The thing I’m not sure I get is the fence. How will you be sure it stays locked at exactly 90 degrees. I’m under the impression even a tenth of a degree can cause some serious issues. I’m sure you’ve thought it out, so I’ll be interested to see the next steps.

View dbhost's profile


5913 posts in 4723 days

#4 posted 03-19-2010 04:21 PM

What I like about it.

#1. The hardboard top, nice and slick, easy to keep clean. I use a ton of the stuff… #2. T track for a router fence. A dedicated router fence is awfully nice. Mine is based around my rip fence… #3. Nice added heft of the cabinet. #4. Storage compartments in the base. #5. Beginnings of provision for dust collection.

What my concerns about it are. And mind you opinions are like belly buttons. Everyone has one.

#1. The hardboard top covering the OE top of the table saw. This interferes with. -Splitter and guard installation / function. This is a huge safety issue. -Access to the arbor for changing blades. -Ability to run any sort of Dado stack. #2. Dust provision is incomplete. Enclose those compartments, and add ports for whatever type of dust collection you are using. If you aren’t using dust collection, you really should be… At a minimum a shop vac with a HEPA filter and 2.5” hose. #3. Your T Track crosses through your miter slots. How are you going to use the miter slots?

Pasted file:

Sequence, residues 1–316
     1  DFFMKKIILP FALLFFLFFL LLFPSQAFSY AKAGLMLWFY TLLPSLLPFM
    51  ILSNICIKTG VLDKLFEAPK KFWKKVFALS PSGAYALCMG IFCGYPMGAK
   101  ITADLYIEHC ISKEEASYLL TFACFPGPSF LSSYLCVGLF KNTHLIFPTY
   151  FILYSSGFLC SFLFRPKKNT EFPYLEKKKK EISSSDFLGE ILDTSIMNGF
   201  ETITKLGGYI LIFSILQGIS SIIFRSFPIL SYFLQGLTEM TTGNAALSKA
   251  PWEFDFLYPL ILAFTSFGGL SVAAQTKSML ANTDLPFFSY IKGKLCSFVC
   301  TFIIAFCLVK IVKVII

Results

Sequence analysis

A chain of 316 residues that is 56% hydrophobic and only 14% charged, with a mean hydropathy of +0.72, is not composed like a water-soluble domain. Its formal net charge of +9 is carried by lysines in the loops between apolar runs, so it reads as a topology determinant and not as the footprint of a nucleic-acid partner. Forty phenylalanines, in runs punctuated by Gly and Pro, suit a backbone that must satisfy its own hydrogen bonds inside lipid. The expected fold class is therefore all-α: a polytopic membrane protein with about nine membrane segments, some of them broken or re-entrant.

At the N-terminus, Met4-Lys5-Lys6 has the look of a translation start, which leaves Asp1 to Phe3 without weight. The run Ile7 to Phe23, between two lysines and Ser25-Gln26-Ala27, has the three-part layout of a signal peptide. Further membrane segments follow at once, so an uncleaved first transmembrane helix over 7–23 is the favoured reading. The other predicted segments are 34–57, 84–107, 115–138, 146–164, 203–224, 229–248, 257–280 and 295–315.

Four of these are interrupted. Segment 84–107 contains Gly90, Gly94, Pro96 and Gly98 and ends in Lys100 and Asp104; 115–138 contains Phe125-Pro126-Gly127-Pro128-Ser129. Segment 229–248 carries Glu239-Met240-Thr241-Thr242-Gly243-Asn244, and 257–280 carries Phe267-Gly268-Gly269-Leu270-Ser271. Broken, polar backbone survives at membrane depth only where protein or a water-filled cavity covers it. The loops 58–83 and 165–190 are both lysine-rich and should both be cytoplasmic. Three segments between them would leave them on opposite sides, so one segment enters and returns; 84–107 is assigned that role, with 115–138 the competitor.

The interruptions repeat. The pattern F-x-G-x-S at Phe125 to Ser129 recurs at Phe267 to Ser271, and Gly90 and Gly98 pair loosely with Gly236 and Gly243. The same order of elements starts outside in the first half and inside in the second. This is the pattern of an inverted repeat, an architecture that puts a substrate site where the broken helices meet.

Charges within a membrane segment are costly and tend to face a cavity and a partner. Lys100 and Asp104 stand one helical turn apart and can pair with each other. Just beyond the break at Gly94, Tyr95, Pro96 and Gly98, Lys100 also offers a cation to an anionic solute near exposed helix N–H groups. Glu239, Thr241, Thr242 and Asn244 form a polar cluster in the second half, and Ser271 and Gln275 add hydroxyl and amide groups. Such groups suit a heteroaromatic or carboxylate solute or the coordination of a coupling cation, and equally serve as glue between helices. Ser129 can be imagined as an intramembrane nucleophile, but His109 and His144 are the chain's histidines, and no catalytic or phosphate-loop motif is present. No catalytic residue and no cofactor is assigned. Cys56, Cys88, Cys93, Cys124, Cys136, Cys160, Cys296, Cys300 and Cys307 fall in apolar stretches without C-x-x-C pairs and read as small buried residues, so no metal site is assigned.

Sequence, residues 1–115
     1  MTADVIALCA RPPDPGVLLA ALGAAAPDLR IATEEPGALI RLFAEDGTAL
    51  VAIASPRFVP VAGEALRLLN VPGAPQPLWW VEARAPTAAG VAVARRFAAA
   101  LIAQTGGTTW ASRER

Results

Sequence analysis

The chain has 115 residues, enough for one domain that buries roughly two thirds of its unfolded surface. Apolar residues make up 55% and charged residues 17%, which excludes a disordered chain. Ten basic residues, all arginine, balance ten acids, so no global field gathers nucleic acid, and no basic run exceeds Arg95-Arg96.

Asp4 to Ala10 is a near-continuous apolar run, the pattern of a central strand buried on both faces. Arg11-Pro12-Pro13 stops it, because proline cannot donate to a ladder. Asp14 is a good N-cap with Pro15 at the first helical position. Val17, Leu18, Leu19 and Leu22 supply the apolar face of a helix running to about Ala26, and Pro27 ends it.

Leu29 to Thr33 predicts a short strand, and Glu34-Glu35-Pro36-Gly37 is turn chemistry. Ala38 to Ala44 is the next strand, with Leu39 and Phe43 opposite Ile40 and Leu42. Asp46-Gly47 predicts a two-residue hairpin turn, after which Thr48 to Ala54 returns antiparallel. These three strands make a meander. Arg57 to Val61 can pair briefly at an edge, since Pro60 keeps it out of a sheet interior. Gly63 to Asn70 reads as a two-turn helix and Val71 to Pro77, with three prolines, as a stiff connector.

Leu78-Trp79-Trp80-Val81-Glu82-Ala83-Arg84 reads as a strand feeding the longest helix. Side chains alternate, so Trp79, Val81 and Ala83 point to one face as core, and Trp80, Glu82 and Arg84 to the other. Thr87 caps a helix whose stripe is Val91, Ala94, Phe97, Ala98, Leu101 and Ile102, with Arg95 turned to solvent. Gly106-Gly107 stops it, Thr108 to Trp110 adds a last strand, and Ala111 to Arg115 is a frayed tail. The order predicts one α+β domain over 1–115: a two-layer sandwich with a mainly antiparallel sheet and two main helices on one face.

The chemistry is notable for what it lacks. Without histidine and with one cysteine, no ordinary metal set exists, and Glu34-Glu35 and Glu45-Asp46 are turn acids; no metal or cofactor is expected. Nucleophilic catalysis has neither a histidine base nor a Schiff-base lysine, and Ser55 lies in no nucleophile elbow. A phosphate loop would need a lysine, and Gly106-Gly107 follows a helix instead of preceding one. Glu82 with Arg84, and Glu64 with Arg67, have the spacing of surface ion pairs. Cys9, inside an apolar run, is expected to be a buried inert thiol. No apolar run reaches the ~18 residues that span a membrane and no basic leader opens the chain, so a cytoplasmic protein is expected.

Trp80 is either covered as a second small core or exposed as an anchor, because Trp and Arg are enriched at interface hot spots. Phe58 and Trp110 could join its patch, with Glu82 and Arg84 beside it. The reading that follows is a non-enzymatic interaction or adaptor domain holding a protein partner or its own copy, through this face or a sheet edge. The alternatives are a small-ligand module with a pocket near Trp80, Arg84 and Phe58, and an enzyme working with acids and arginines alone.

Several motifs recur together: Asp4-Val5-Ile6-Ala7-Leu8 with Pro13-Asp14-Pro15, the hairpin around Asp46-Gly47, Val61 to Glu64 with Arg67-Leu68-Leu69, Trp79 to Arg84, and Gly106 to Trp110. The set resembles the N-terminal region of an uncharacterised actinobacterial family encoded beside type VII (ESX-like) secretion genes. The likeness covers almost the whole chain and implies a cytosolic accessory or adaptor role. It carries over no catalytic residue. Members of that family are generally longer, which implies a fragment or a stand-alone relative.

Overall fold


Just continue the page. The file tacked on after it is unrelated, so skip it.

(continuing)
If it were me, I would redesign the top a bit. The changes I would make would be.

#1. Remove the T track (you will get back to this later… #2. Cut out top to allow the OE table saw top through, splitter / guard, and fence freely function. #3. Using scrap cutoff from the cutting the top through, make and install spacers to lift the saw so that its top is flush with the cabinet top.Add shims if neccesary. #4. Enclose the compartments directly below the table saw, and where you are going to mount the router with an access door for each. #5. Port the cabinet compartments for your dust collection connections. #6. Grab a router plate for your router, and cut the router plate recess, make sure to leave the lip etc… (a router plate makes it MUCH easier to change bits because you can just pop the router up and manipulate it instead of having to fish around in the compartment). #7. Cut a miter slot in front of the router plate (front to back on the right side of the cab top). This will allow you to use feather boards and the like…

You are well on the way to having a very impressive workstation for that little Craftsman saw. I hear a lot of guys whining about those little bench top jobs, but they work great when you set them up the way you are doing…